Local club builds awareness and raises funds for the fight against mental illness
By: Mike Davies
This year marks the fifth annual running of the Defeat Depression Walk here in Campbell River, which Beacon Club administrator Robyn Ellsworth says is an excellent opportunity to raise both awareness surrounding mental health issues in our community and funds to fight for those who live with these issues every day of their lives.
“Mental health is important for everybody,” Ellsworth says. “Whether it’s stress at work or just having a million things on the go in life. But then there are the more severe issues like schizophrenia or bipolar or PTSD – which I think is becoming much more well-known with what’s been coming out about military personnel and first responders and people in those kinds of professions – there still needs to be a lot more done in terms of getting rid of that stigma.”
“Every little bit helps,” Ellsworth says. “Every time someone shares their story about how mental health issues affect their life makes a difference. If you keep hearing it over and over again, eventually it’ll get in there for people. And you don’t need to have some kind of connection to mental health issues or have experienced some kind of tragedy or anything like that to be involved. Anyone can come out and lend their support – and maybe learn something.”
Like awareness, every bit helps in terms of fundraising, as well, which is the other purpose of the walk.
The Beacon Club – a day program and social club for adults with mental illness within our community, first opened in 1993 – gets most of its funding from Island Health with additional grants from organizations like the United Way, BCLC, and the Campbell River Community Foundation.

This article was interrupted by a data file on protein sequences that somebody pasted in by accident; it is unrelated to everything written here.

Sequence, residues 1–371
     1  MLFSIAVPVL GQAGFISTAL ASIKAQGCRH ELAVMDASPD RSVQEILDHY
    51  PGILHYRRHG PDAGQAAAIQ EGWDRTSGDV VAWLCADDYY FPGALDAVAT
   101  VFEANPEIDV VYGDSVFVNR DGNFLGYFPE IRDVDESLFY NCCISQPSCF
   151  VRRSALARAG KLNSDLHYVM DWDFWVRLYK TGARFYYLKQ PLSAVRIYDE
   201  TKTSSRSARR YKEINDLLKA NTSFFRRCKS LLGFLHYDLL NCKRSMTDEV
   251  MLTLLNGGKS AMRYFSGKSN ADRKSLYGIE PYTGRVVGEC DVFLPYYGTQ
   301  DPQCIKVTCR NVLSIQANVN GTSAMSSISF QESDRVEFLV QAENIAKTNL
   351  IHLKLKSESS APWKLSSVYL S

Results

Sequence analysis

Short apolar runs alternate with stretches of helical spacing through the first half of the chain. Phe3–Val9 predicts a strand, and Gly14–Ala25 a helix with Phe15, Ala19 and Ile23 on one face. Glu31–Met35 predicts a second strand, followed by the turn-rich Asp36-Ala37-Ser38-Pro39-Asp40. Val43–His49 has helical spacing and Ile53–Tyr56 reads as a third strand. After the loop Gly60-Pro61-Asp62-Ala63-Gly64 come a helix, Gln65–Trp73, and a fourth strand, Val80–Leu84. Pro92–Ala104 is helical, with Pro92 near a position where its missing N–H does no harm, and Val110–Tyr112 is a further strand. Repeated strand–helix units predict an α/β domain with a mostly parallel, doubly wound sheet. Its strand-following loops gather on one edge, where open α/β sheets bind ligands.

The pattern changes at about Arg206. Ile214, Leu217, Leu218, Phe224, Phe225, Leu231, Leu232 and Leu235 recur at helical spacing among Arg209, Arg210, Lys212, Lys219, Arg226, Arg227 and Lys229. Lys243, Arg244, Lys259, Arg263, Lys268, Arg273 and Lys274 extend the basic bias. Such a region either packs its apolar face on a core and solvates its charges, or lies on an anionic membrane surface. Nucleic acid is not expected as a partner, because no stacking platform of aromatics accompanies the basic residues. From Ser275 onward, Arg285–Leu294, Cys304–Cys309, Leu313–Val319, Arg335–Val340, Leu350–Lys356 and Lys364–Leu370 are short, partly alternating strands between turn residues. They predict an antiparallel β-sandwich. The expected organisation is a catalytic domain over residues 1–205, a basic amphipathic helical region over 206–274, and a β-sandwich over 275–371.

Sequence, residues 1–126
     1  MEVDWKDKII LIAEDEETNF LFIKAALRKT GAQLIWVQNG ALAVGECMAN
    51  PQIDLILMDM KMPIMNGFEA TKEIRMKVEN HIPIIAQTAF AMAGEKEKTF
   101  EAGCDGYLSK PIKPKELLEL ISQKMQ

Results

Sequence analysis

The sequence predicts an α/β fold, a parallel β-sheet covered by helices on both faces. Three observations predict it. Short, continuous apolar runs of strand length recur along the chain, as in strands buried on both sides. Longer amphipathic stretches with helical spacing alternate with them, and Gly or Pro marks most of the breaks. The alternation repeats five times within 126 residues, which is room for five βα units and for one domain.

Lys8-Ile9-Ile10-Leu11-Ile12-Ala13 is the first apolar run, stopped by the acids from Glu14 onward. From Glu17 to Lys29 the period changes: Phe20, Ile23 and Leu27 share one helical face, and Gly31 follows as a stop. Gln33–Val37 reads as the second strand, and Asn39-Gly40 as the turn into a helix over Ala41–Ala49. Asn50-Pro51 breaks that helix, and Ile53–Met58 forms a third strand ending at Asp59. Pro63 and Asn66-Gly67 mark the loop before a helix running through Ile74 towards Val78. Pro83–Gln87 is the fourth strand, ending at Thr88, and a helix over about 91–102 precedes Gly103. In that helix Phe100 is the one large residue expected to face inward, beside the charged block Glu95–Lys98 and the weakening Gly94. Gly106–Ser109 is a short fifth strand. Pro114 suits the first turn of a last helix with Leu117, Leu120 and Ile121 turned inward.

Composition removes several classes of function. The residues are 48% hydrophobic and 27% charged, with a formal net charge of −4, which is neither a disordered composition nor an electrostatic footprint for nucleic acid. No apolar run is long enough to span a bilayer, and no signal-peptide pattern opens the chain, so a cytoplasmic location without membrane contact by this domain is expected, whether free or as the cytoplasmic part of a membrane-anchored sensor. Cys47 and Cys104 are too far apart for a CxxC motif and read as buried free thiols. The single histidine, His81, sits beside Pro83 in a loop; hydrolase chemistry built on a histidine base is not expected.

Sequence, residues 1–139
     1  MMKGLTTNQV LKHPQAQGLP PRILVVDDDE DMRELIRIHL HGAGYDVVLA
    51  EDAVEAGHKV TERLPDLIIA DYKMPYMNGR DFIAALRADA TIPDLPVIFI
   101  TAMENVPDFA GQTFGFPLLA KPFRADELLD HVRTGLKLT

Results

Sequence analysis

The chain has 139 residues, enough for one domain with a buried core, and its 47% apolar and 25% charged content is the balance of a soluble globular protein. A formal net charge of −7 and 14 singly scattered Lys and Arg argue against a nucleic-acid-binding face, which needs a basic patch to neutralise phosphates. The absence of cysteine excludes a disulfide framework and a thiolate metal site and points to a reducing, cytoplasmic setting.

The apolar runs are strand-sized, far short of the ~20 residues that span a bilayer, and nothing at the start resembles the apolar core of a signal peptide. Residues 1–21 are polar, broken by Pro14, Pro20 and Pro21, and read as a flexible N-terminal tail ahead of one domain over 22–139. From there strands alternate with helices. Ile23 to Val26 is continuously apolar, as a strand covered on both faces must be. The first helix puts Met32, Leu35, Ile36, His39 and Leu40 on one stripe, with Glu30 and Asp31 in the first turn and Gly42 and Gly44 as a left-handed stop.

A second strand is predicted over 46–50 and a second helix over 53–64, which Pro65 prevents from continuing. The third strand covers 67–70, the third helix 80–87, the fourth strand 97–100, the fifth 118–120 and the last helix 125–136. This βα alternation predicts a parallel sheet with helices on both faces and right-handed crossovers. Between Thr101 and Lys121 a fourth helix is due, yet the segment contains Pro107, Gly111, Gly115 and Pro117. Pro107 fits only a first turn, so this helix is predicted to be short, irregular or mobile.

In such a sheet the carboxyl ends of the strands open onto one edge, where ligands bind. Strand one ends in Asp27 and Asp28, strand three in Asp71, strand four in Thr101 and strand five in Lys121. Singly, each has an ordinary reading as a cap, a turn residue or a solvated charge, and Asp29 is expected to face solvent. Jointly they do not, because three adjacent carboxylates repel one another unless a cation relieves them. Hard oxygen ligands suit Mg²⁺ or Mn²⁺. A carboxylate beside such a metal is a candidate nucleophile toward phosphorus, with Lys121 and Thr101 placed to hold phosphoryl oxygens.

“But even with all that, we still need to fund raise,” Ellsworth says. Programs at the Beacon Club range from trips out into the community for musical events at coffee shops or other cultural events, to weekly lunch and dinner events, to billiards tournaments or jam nights at the club itself.
“The main thing we need is for people to sign up,” Ellsworth says. “We need people to come out and participate. They can bring their animals, they can bring their kids in strollers, whatever they want to do … it would be great if some of the schools wanted to get involved, because I think if the kids become aware of it an earlier age, it will do a lot to start chipping away at that stigma.”
For more information on the Beacon Club, head online campbellriverbeaconclub.com or email Ellsworth at firstname.lastname@example.org. For more on the Defeat Depression Walk – scheduled this year for June 11 – to register or pledge a donation, head over to defeatdepression.ca or follow @DefDepression on Twitter.